We’re living in a golden age for live music.
Seemingly every week, new festivals are sprouting up around the world, in far-flung places such as limestone quarries in Sweden or the middle of the desert in Arizona. Bands are also touring more, often looping around the country multiple times a year in the hopes of playing as many shows as possible. Even older acts like TLC, the Monkees, and Bush have reformed and started playing shows again.
As for why more musicians than ever before are performing live, the answer is simple: money. Ever since streaming sites like SoundCloud and Spotify entered the picture — in 2008 and 2011, respectively — the record industry has been in a state of flux. Sales are declining as listeners opt to stream rather than purchase their music, and in 2016, streaming reigned as the No. 1 way that people consume music, according to Nielsen Media Research.
A large number of artists, especially older acts and bands that have broken up, rely on royalties they earn from licensing their music to streaming services. The pay is paltry — streaming one song can pay anywhere between $0.0003 to $0.007, depending on the platform — but it’s better than nothing, especially for songwriters and producers who don’t have the option of touring or playing festivals.
Streaming isn’t artists’ only source of royalties. Any business — be it a restaurant, bar, or nightclub — that wants to play music at its venue must also pay a fee. Purchasing a Spotify Business account is one way to do this, but the majority of establishments opt to get licensed by the American Society of Composers, Authors, and Publishers (ASCAP).
The organization — with 600,000 members and more than 10 million licensed works — functions as the middleman for artists and businesses. It is through ASCAP that musicians receive royalties, and it is up to them to make sure that streaming sites and businesses pay members for using their music.
Most of the time, this system works without fail, but every now and then, there are a few businesses that shirk licensing fees and play ASCAP members’ music for free. On May 3, ASCAP announced that it was putting the kibosh on this behavior and taking legal action against nine venues nationwide that were doing just that.
Located in SoMa, The Grand is an upscale, Las Vegas-style nightclub with bottle service, V.I.P. areas, and lingerie-clad servers. Radio personality Chuy Gomez often hosts parties there, and a range of local and well-known DJs, like Mind Motion and Oasis, spin there on Friday and Saturday nights. On a recent weekend, Bay Area DJ Acme headlined a Latino night at the club, playing a medley of cumbia, merengue, and bachata tunes. He also played a reggaeton remix of Beyonce’s ASCAP-licensed hit “Single Ladies,” which The Grand didn’t pay a cent to use.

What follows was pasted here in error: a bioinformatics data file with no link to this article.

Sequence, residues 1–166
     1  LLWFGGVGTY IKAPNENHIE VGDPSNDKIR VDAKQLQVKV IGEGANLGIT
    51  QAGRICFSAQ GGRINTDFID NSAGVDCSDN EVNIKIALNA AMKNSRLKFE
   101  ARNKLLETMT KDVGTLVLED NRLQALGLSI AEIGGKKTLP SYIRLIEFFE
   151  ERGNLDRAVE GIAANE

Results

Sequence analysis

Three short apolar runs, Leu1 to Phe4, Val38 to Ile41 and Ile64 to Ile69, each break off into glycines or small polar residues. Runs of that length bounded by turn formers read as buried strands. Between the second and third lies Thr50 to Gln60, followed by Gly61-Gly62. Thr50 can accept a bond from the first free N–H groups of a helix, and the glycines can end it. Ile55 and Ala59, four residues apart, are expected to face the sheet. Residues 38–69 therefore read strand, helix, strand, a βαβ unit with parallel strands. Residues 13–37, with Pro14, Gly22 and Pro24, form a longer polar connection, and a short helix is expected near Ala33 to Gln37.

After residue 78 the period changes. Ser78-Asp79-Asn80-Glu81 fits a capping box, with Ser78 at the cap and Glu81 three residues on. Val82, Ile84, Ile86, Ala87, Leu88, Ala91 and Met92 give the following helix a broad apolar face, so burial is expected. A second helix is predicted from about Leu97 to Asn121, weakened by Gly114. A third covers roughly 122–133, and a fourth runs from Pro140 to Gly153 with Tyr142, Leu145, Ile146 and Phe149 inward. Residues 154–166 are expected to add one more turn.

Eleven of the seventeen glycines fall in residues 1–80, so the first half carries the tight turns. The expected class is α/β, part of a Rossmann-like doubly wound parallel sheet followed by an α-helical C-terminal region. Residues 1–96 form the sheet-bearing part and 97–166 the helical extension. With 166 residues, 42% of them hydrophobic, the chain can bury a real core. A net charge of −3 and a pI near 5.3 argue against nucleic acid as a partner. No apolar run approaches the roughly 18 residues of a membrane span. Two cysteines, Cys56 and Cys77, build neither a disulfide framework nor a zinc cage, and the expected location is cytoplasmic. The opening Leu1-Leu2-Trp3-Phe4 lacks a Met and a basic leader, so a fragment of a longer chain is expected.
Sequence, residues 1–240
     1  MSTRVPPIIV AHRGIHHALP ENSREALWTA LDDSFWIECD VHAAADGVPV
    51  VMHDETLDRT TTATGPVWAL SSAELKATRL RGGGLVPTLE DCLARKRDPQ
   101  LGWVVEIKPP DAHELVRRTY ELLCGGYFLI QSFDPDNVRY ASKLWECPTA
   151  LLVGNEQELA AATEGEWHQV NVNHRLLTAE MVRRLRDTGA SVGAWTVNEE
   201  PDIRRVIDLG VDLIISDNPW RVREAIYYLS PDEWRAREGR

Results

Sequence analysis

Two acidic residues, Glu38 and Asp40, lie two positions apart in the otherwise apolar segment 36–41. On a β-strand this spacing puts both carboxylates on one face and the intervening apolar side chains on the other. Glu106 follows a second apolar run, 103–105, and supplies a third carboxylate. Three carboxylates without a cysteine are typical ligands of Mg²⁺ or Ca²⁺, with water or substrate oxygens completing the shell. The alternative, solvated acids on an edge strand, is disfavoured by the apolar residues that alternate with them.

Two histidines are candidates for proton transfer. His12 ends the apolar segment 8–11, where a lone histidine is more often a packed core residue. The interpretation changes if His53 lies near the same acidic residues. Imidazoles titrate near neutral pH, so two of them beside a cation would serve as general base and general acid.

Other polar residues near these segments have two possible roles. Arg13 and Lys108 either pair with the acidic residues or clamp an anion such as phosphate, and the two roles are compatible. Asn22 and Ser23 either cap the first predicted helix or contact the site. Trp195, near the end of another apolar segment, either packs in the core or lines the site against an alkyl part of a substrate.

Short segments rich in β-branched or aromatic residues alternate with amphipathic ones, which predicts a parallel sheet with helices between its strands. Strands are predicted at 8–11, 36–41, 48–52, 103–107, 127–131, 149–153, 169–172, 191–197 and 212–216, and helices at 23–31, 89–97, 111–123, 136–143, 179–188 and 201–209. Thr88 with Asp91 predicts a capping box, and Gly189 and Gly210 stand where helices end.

Not only is this illegal — under the Copyright Act, businesses must receive permission from songwriters before using their music in public — but it’s just wrong.
“The whole purpose of ASCAP is to ensure that when a songwriter’s music is being played in public, they’re being properly compensated,” says Jackson Wagener, ASCAP’s VP of business and legal affairs. “It’s also not fair to their neighbors and other business who are paying to play artists’ music.”
Records show that The Grand was licensed by ASCAP back in 2008. But “at some point a couple years after that, they simply stopped paying,” Wagener says — and for a good two or three years, The Grand continued playing members’ music without paying fees. After multiple efforts to get in touch with the club and educate them about the importance (and legality) of paying for music, ASCAP decided to terminate its license.
To prove definitively that the venue was playing members’ music at its events, ASCAP hired a private investigator to attend the club and take notes on the songs that were being played, Wagener says, adding that the investigator’s findings proved what ASCAP had suspected and “formed the basis of our lawsuit.”
But before ASCAP resorted to legal action, it made one last effort to settle the matter amicably.
“We sent another letter and made another offer to settle the action, get them a license, and work out some payment from past periods,” Wagener says. “We never heard back from them.” (SF Weekly’s repeated phone calls, emails, and texts to The Grand were also not returned.)
ASCAP is suing The Grand for three different claims of copyright infringement based on the findings of the private investigator they sent to the club. While Wagener says “there were many ASCAP works played that night,” the organization is only filing suit for three songs, because their goal is to educate The Grand, “not put them out of business.” It’s up to a judge or jury to determine how much the Grand should pay for each infringement, which can cost between $750 and $30,000 per song.
Though ASCAP views litigation as “an extraordinary step,” it is no stranger to taking legal action. As recently as Jan. 31, it filed lawsuits against 10 venues for copyright infringement. Due to the organization’s efforts to communicate and educate business owners, Wagener says ASCAP was able to avoid taking many of those cases to court and “almost all of the lawsuits have resulted in an amicable settlement.”
In fact, as ASCAP’s experience with The Grand proves, it often spends years trying to solve the issue on its own before pursuing litigation. And even then, efforts are made to avoid a lawsuit. With ASCAP’s recent spate of nine lawsuits, Wagener says they’ve “already settled at least one and are talking about a settlement with several other owners.”
“Our goal is to work out what’s fair, not put people out of business,” he adds. “We view litigation as a last resort, but at some point, when you’re not paid, you have no other choice.”